General Description of Auction Rate Securities

Auction rate securities were first offered for sale in U.S. financial markets in the early 1980s. As of the end of 2005, there were approximately $263 billion of auction rate securities outstanding.

Many different types of issuers have issued auction rate securities for example, closed-end funds, corporations, municipal authorities and student loan organizations.

Auction rate securities have generally been issued as either bonds or preferred stock and are designed to serve as money market-type instruments. They are purchased and sold, at established intervals, through an auction-type mechanism, but have long-term maturities, or no maturity at all. In the auctions, auction rate securities are purchased and sold at par. Auction rate securities have also been called Auction Market Preferred Stock, Variable Rate Preferred Securities,Money Market Preferred Securities and Periodic Auction Rate Securities.

The interest or dividend rate of an auction rate security is reset at these established intervals based on an auction in which investors who already hold the security (called holders) and investors who seek to acquire the security (called prospective holders) 2 indicate their interest in continuing to hold, or in purchasing or selling, the security at rates that they specify to broker-dealers, such as Merrill Lynch, who have been appointed to participate in the auction.

The dates on which the auctions take place (the auction dates), and the interval between the auction dates (the ‘auction period’), vary depending on the security. The auctions commonly are every seven days, twenty-eight days, thirty-five days or forty-nine days, but there are also some securities for which the auctions occur daily and others for which the auctions occur at longer intervals ? for example, every six months or once over a multi-year period.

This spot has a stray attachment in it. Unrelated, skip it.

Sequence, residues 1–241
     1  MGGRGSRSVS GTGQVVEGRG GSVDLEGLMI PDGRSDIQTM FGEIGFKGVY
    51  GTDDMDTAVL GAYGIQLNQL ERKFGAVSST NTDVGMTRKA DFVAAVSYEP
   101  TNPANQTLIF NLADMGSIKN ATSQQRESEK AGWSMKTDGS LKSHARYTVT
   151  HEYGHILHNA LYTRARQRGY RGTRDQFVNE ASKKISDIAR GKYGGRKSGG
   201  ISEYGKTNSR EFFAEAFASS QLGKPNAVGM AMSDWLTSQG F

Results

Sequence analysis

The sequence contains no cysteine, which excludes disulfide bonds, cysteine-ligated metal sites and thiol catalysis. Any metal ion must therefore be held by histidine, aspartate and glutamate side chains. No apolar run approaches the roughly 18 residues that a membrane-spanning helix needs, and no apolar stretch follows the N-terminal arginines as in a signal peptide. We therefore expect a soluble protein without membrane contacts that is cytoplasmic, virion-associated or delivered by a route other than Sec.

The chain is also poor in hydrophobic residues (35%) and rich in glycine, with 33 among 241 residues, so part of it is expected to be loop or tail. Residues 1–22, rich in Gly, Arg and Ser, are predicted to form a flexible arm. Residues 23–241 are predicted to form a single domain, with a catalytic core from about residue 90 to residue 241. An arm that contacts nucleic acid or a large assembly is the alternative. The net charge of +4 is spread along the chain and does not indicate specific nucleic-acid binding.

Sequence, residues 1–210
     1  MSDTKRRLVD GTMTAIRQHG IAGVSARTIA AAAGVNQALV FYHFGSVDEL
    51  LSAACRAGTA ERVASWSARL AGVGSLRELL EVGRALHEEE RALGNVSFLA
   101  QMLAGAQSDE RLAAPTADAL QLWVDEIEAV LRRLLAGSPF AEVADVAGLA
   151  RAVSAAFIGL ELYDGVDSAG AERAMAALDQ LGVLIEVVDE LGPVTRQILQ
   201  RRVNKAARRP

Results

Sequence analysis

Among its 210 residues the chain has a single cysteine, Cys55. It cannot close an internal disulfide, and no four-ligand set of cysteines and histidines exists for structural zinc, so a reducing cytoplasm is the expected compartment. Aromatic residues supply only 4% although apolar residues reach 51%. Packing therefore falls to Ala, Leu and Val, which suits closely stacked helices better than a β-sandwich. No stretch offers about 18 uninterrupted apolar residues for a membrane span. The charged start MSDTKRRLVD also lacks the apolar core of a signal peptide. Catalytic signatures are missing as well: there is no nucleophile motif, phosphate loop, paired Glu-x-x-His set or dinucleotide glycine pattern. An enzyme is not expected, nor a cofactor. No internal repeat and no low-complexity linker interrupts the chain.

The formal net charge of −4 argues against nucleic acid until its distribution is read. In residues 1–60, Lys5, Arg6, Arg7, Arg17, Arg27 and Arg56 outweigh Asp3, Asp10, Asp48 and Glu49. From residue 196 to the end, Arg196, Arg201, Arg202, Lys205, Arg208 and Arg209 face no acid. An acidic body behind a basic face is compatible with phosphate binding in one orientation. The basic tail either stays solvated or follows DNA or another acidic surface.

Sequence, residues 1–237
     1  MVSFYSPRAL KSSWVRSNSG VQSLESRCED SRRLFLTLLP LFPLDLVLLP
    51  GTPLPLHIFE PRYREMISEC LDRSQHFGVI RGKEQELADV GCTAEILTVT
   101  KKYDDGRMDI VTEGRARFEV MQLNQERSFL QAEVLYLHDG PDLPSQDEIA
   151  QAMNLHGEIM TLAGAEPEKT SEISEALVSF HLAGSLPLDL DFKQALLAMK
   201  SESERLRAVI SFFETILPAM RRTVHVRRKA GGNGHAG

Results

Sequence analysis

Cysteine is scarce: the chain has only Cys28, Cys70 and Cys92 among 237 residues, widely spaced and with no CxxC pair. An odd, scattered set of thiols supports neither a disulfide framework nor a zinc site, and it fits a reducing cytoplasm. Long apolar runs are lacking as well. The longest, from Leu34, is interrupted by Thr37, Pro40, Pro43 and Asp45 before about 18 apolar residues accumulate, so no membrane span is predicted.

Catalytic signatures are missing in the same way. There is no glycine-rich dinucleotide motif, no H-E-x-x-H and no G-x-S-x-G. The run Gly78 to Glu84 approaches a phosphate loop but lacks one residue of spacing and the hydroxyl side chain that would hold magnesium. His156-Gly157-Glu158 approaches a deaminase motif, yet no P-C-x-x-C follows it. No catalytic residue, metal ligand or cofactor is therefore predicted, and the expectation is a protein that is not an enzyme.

The SEC Investigation

On May 31, 2006, the U.S. Securities and Exchange Commission (SEC) announced that it had settled its investigation of fifteen firms, including Merrill Lynch, that participate in the auction rate securities market regarding their respective practices and procedures in the market.

The Settlement

The SEC alleged in the settlement that the firms had managed auctions for auction rate securities in which they participated in ways that were not adequately disclosed or that did not conform to disclosed auction procedures. As part of the settlement, Merrill Lynch agreed to pay a civil money penalty of $1,500,000. In addition, Merrill Lynch, without admitting or denying the SEC’s allegations, agreed to be censured, to cease and desist from violating certain provisions of the securities laws, to provide to customers written descriptions of its material auction practices and procedures, and to implement procedures reasonably designed to detect and prevent any failures by Merrill Lynch to conduct the auction process in accordance with disclosed procedures.

Guiliano Law Group

If you have been the victim of securities fraud and you have a complaint, you should consult with an attorney. The practice of Nicholas J. Guiliano, Esq., and The Guiliano Law Group, P.C., is limited to the representation of investors in claims for fraud in connection with the sale of securities, the sale or recommendation of excessively risky or unsuitable securities, breach of fiduciary duty, and the failure to supervise. We accept representation on a contingent fee basis, meaning there is no cost unless we make a recovery for you, and there is never any charge for a consultation or an evaluation of your claim. For more information contact us at (877) SEC-ATTY.

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